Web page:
The Bluebottle Boys: Edgbaston – Dares & Dispensation

The Bluebottle Boys – Chapter 9, Part 2 – Edgbaston, mid-March 1962: Dares & Dispensation, Part 2

[The featured picture is the school library where Reggie finds Ian (and where Reggie and Stan had earlier learned the identity of Bethany’s “Uncle Henry”).]

The Bluebottle BoysMum had the old ’38 Minx, and not the Anglia, when we took off for school the next morning; Dad would need the newer, more reliable, Anglia to make the run from the university to where we’d be meeting (I still didn’t know). Stan didn’t make eye contact and sat in the back with Paravati.

Rashmi piled in front with me.

“If you need to get a message to Bhai Sanjit, I’ll be in front of the school at lunch,” she whispered in my ear.

Mum settled into the driver’s seat and we all took off as I nodded and mouthed “thank you,” in reply. It was generous of her, and she was probably taking a risk to do it, but it also let me know that the situation with Stan had become dire. He took off the minute the car came to a stop, and I realized he wasn’t even allowed to be physically near Ian or me. In itself, this was upsetting enough, but I also had to find Ian quickly, before the terrible trio found out it was now three to two in their favor.

Luckily, I found him, in a secluded section of the school library (not far from where Stan and I’d found the herbalism text the preceding year, which had disclosed the true identity of Bethany’s “Uncle Henry”). Ian had decided the library would be the first place I’d look for him if I thought he was hiding; at the same time, it’d be the last place Rufus would look for anything.

I told him how we were both now off-limits to Stan and that I’d have to get any message to him through Rashmi.

He told me that the police had initially planned to have all three of us face the “victims,” but that D.S. Higgins had decided there was little chance of Stan’s getting a fair shake, and that all three of us would be better off if Stan were sent home with a caution. Ian also said his mum would have a limousine waiting in front after school that would take my mum, as well as his parents, and us to a church – St. Ita’s Catholic church – not far from the pub where Stan’s and my “attacks” had taken place.

Dad and I wouldn’t have cared, but Grammer was terribly anti-Catholic, and I didn’t know if Mum, under her gracious exterior, felt the same way, which didn’t bode well here if she did. Ian said his dad felt much the same way Grammer did; this was a comfort of sorts – at least Mum wouldn’t be alone if she felt that way, but Ian’s dad, from what Ian had told me of him, was a practical and pragmatic man. Mum, if she’d a true believer’s naiveté, might not be as flexible.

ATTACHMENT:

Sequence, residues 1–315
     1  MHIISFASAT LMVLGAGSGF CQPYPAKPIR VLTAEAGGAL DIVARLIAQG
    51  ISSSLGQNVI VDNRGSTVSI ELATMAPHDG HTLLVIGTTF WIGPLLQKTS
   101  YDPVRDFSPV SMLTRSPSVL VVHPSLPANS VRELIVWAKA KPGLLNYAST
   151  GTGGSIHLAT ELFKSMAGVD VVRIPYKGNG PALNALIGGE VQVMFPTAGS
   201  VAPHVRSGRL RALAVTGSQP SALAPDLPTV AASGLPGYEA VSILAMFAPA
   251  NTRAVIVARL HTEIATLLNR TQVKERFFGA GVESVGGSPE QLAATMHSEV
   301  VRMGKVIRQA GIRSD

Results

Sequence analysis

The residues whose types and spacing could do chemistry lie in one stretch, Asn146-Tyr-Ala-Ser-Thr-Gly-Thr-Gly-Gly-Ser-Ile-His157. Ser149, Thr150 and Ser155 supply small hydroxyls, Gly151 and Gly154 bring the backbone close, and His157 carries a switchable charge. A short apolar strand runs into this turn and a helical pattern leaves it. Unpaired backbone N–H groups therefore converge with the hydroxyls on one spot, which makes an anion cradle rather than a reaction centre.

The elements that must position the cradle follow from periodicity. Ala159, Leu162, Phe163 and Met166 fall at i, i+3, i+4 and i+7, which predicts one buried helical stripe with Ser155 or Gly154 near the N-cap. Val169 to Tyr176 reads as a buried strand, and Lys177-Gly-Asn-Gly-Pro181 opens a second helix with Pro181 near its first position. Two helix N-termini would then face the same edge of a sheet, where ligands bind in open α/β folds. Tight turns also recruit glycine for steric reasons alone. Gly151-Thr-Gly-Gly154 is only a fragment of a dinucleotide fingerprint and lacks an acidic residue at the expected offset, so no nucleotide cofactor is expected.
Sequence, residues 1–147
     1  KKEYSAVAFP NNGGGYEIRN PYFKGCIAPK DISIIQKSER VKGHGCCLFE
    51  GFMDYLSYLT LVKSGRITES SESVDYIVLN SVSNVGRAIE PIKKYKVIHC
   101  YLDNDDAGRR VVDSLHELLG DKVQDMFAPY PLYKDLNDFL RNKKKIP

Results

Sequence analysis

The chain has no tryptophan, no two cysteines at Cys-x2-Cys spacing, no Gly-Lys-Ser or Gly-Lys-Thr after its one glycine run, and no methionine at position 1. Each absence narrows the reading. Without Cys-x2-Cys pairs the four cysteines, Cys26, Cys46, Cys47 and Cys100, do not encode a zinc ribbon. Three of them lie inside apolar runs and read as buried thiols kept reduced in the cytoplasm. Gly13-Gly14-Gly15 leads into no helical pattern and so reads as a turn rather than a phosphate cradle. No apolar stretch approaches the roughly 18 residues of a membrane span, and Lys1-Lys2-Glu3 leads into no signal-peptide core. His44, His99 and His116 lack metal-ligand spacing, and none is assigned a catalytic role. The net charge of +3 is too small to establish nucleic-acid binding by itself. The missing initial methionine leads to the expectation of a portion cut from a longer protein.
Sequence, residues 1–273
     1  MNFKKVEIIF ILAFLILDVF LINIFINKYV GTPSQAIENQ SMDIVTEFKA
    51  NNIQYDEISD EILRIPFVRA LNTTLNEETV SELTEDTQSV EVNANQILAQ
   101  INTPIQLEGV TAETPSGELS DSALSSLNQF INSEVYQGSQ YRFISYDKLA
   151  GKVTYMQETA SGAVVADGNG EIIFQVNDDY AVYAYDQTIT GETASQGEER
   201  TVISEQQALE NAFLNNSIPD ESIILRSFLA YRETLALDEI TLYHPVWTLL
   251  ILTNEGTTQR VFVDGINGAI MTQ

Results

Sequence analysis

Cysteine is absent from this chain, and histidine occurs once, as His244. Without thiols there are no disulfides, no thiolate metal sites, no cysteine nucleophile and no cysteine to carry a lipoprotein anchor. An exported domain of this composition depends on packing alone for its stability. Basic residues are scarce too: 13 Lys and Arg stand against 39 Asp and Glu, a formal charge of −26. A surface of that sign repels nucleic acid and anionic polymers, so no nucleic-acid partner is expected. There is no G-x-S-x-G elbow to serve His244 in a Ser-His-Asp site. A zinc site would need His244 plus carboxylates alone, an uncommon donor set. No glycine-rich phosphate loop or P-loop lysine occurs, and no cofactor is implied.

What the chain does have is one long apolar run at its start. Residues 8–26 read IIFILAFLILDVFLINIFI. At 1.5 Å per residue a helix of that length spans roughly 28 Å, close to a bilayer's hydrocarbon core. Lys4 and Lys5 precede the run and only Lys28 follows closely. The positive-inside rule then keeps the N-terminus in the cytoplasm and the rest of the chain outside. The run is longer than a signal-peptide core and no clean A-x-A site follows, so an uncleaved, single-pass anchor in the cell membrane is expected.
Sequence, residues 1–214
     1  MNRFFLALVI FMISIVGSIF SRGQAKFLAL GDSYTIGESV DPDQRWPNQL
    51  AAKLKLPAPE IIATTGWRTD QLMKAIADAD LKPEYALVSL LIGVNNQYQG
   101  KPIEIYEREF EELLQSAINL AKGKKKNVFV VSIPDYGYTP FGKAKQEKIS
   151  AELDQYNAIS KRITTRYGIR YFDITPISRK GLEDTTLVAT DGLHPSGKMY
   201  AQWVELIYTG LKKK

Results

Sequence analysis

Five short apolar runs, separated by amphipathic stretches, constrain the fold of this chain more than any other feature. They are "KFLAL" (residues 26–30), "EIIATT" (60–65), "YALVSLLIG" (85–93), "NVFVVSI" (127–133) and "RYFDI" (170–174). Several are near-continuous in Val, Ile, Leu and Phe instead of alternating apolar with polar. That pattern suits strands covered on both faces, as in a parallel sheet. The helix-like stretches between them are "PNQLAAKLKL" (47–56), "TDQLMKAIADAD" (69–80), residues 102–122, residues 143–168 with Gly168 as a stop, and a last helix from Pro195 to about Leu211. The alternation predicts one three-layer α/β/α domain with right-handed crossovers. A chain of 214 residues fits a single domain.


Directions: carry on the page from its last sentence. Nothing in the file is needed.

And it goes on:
We made it through our morning courses without mishap, but I slipped up at lunch. Ian and I’d grabbed a quick bite in the cafeteria, after which I had to meet quickly with Rashmi, and I didn’t think the invitation extended to third parties, even Ian. So I deposited him by the fire in the common room before running outside, assuming I’d be in far more danger from the “Three Louseketeers,” still lurking outside, than Ian would have been, provided he stayed indoors.

I was wrong, as I’d find out all too soon.

I met with Rashmi, told her to assure Stan that his getting off was a boon to us all (without saying why), and gave her the latest developments in Ian’s and my dealings with the police. I also said for her and Paravati not to be late since a limo would be waiting to take them and Stan home, and Ian, his parents, Mum and me to our appointment at St. Ita’s. Rashmi confirmed what I’d already suspected: Stan had been grounded with no TV for the rest of the term, nor allowed to communicate with Ian and me for the next 30 days.

I tried to be as reassuring as I could, saying I’d no doubt that Stan’s situation would get better sooner than it appeared. But, in reality, I had neither any basis for saying that, nor any immediate idea of how matters might improve more quickly. Still, Rashmi gave me credit for effort, kissing me on the cheek before we returned to our respective schools.

It did not go unobserved.

© 2017, 2016, 2015 G. H. McCallum and Duvanian Press, all rights reserved.

It’s here! Here at last! The first edition of Volume 1 of “The Bluebottle Boys,” second novel of the Reggie Stone series, is now available from Amazon. If you’re in the Los Angeles area, I hope to meet you at the Los Angeles Times Festival of Books, happening at the USC campus, on April 22 and 23.

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G. H. McCallum

G. H. McCallum is author of the Reggie Stone series, the first of which, Walking Backwards for Christmas: A Tale of Woe from Soggyhall, was released on 12 December 2014; look for the second, The Bluebottle Boys, in late spring of 2016. He blogs principally on the 1960s, Victoriana and magic realism.